In a public address in August, Justice Pratibha M. Singh of the Delhi high court said that Indian scriptures like the Manusmriti have always given a very respectable position for women.
She advised working women to live in joint families so as to receive greater support for their careers. However, it would indeed be of considerable comfort to know that the Manusmriti had so much respect for working women.
But, in contrast to what Justice Singh said, the Manusmriti has no concept of working women – it is completely focused on how to successfully maintain women’s dependency on men “day and night”.
It says, “A girl, a young woman, or even an old woman should not do anything independently, even in (her own) house. In childhood a woman should be under her father’s control, in youth under her husband’s, and when her husband is dead, under her sons.”
Since there are obvious limits to a man’s capacity to guard a wife by force, or even to keep her busy with household duties and spending money, the Manusmriti says that the key is to get women “to guard themselves by themselves” through the laws of Manu.
The lives of these women – working middle-class women, and mothers – are the subject of a remarkable book by Nilanjana Bhowmick, Lies Our Mothers Told Us: The Indian Woman’s Burden, which Justice Singh ought to read.
The book combines personal testimony with stories of other women whom the author met and interacted with, bolstered by studies and secondary data of various kinds. Middle-class families – the author’s own and several others – form the core of the book.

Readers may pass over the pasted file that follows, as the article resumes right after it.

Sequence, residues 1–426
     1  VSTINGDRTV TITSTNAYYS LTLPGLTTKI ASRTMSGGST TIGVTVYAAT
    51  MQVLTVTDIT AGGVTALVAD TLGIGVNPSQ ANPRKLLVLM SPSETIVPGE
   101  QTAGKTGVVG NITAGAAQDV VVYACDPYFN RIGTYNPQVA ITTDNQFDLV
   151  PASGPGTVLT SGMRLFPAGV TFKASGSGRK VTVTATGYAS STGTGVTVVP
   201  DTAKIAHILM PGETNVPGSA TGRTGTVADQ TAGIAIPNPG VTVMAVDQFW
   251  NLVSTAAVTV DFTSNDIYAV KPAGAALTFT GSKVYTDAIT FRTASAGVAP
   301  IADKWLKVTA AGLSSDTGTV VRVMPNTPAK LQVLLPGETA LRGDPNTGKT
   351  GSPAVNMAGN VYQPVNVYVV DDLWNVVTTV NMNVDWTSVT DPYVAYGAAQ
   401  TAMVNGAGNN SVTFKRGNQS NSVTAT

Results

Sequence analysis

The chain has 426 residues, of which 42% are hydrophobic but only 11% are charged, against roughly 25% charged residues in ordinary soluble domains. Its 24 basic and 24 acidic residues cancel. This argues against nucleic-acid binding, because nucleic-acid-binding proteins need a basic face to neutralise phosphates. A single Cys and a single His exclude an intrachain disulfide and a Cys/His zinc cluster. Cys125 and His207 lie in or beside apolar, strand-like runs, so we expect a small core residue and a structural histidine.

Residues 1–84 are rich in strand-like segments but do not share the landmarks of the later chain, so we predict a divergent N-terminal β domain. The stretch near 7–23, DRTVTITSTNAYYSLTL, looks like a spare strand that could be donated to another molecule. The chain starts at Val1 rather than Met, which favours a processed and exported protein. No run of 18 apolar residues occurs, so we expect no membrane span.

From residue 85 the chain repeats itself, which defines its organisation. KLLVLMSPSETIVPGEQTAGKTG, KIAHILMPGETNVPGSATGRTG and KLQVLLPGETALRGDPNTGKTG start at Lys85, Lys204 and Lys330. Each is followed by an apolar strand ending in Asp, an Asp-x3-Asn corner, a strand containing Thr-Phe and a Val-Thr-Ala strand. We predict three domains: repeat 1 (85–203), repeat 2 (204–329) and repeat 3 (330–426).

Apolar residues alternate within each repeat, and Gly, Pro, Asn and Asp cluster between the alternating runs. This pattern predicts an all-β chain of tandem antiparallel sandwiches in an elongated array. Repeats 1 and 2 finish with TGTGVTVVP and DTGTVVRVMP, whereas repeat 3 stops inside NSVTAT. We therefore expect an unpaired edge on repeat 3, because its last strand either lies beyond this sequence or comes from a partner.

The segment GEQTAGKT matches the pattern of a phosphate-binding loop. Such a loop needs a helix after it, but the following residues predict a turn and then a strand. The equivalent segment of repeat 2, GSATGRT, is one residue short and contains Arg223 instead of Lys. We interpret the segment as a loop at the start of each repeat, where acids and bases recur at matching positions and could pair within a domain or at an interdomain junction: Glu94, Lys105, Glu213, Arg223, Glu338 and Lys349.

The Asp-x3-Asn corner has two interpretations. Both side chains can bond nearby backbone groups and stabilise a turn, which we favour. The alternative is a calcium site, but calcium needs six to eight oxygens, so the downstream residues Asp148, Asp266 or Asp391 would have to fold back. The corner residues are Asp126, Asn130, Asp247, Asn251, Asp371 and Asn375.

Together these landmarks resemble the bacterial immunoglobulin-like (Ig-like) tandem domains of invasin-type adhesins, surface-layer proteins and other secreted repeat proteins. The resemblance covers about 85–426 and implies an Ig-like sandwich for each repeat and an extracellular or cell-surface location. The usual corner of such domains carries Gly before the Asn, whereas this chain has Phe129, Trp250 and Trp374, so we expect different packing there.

According to Bhowmick, this class is missing in Indian feminist agendas.
In the initial chapters, which set the tone of the book, she writes about herself, her mother, her grandmother – but also about the men in her life, especially her father.
It takes courage to be able to reveal that her loving father had also been an abusive husband.
“This is an India where even when fathers encourage their daughters to fly, they prefer to keep their wives in cages,” she says.
She does not, however, dwell much on men. It is the women like her mother whom she blames for giving the impression to their daughters that she “had it all” with her government job, when in fact she was in despair from overworking as a “mother, teacher, wife, chef, housekeeper and a nanny”.
This is the lie that gives the book its title, a lie that was repeated to her as a daughter when she was growing up.
The book has 20 short chapters with titles such as ‘Why women stay in bad marriages,’ ‘What’s a woman worth in capitalist patriarchy,’ ‘Why are women not working,’ ‘Middle class morality and the goddess syndrome’. These chapters are filled with vignettes – we hear about women who have managed to create unusual jobs in the midst of all their responsibilities, such as housewives who are vloggers with a YouTube following. Another woman runs her own mobile salon using a scooter.
Over and over again, she is told that women would not mind all the work so much if only they received some acknowledgement. She cites the latest Time Use Survey to demonstrate the depth of the gender division of labour based on the huge disparity in the minimal time given by men to any household-related work compared to women.
She has quoted figures from various surveys such as the Indian Human Development Survey and the National Family Health Survey to show that despite having a greater say in taking certain household decisions, only a small number of women could take personal decisions like attending to their healthcare on their own.
One of the chapters also discusses the suicide statistics of housewives. It’s important to note that the crime data for housewives in India is among the highest in the world.